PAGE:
God is Light, a luminous One who dwells in His own uncreated brightness. To see God in His innermost essence means certain death.
His glory is too splendid for us to see. The Father must hide Himself from our view, but loves us and wants to reveal Himself in some way to us.

God the Father allowed His brightness to be transformed in a way that could be safely perceptible to human beings. An outflowing of God’s glory was permitted. A beam was released. It was bright enough to be recognized as God, but veiled enough to keep it from being fatal to human eyes.

Jesus is the Ray that proceeds from the central Glory, and visits us. The Son brings God the Father to us, according to the measure of our capability.
Our text tells us the Source of Christ’ s Being. He has an unbroken connection with the Father. Jesus said, “I and my Father are one” (JN 10:30).

An illustration from Nature may help. Jesus reveals the glory of the Father, as rays of our sun reveal the glory of that body. A beam from our sun is distinct from the sun; each has its own identity. Even so God the Father is not God the Son, and vice versa. But it must also be said a beam is never separate from the sun, and the sun is never without a beam. In a similar way, the Father and the Son also co-exist. Neither is ever separate from the other.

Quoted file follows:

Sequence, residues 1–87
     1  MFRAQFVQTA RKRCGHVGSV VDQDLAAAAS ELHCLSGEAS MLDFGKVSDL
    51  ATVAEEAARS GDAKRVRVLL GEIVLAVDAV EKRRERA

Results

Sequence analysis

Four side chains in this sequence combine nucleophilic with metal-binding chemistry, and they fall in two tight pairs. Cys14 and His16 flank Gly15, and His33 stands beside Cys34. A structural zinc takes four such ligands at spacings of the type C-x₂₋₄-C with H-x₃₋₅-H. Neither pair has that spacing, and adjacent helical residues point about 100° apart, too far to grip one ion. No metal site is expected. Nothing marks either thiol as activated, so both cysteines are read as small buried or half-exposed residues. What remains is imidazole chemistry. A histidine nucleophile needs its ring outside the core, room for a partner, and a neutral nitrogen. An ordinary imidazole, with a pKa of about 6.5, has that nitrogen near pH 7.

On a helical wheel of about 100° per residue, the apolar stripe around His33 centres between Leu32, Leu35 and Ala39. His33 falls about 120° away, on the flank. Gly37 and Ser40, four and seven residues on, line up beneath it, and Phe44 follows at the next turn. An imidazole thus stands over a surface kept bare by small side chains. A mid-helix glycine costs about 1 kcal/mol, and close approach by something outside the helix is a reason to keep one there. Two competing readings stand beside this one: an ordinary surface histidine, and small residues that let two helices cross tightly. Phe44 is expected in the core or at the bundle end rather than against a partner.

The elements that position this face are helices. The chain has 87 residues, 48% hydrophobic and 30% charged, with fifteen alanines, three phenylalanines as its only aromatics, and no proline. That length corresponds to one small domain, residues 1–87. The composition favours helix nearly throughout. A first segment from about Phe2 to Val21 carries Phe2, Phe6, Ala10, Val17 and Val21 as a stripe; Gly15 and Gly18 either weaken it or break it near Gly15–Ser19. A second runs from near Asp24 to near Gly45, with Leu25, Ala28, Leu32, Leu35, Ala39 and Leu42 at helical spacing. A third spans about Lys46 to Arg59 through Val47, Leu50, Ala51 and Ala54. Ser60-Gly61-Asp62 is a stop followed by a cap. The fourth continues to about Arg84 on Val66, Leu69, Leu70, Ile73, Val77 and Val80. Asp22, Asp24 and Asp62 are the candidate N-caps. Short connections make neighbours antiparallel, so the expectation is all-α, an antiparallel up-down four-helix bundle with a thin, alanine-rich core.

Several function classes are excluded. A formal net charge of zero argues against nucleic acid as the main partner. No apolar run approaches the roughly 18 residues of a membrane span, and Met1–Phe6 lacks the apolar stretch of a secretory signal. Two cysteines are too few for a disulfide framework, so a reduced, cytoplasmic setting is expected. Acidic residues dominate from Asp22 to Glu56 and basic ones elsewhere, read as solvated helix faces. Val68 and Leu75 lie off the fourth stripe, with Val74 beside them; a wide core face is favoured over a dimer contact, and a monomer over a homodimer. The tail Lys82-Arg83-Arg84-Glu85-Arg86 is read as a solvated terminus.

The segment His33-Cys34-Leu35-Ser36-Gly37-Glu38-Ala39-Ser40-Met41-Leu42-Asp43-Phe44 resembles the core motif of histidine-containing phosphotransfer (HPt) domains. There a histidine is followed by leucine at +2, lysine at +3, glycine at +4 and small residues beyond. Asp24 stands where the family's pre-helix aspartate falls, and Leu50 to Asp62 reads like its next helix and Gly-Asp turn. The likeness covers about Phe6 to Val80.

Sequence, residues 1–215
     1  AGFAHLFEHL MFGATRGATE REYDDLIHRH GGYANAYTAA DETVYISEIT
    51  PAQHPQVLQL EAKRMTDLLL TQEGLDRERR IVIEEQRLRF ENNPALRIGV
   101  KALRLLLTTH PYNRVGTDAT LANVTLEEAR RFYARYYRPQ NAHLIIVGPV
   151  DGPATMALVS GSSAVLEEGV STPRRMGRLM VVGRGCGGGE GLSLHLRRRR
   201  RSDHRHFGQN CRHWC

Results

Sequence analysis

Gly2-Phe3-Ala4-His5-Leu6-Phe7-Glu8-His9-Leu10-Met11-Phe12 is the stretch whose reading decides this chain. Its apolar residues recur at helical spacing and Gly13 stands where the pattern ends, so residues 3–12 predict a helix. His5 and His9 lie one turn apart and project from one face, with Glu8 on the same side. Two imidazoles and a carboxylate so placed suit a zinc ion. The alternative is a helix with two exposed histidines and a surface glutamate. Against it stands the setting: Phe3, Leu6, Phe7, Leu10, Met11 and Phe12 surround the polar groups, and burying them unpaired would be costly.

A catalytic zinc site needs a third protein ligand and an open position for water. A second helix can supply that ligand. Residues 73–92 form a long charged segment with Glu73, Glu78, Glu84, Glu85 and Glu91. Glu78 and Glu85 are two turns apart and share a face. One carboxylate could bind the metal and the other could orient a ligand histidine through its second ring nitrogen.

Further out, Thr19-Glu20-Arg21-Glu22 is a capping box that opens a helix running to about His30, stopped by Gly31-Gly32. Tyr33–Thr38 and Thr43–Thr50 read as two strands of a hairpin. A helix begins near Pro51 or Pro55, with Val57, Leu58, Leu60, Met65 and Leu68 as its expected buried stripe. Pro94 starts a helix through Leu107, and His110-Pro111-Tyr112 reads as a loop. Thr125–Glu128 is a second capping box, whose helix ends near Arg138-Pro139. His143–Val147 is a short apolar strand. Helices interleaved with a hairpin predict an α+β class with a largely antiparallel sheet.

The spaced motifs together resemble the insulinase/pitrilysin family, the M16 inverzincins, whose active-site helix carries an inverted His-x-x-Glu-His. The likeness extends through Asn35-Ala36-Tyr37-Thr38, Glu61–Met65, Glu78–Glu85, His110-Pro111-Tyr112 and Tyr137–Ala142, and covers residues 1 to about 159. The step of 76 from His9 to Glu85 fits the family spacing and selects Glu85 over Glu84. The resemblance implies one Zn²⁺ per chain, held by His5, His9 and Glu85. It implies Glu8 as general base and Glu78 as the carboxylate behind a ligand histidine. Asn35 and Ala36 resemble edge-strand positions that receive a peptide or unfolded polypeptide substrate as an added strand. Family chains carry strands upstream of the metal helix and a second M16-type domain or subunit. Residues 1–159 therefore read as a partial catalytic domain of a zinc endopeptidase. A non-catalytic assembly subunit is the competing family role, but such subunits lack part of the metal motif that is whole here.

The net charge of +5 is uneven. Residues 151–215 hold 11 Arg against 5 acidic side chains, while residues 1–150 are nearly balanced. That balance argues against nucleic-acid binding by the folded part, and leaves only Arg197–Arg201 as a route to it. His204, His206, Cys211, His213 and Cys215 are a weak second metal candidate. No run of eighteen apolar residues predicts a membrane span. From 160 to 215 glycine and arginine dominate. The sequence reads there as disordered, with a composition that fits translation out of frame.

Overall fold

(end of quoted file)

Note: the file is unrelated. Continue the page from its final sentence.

The most important comparison found in this illustration is; the sun cannot be seen except by a beam. The only way our sun communicates itself is through its rays. Likewise, the Father has hidden Himself except for what shines forth in Jesus. Only by looking at Jesus can God be seen. Without Christ, people are completely in the dark with regard to knowing God.

Heb. 1:3b . . . the exact expression of His nature, . . .

Jesus exactly expresses what God is like. The Son is an engraving made from an original mold, the Father. The picture presented in this phrase is drawn from the stamp of a die on a coin. A stamped coin is an exact counterpart of the original implement. Nothing could be more like the mold. Each carries the distinct features of the other.

I have never seen the dies that make our Lincoln penny, but know exactly what they look like. I have never seen the dies that make our five-cent piece, but know exactly what they look like. I have never seen God the Father, but I know exactly what He is like because I know Jesus.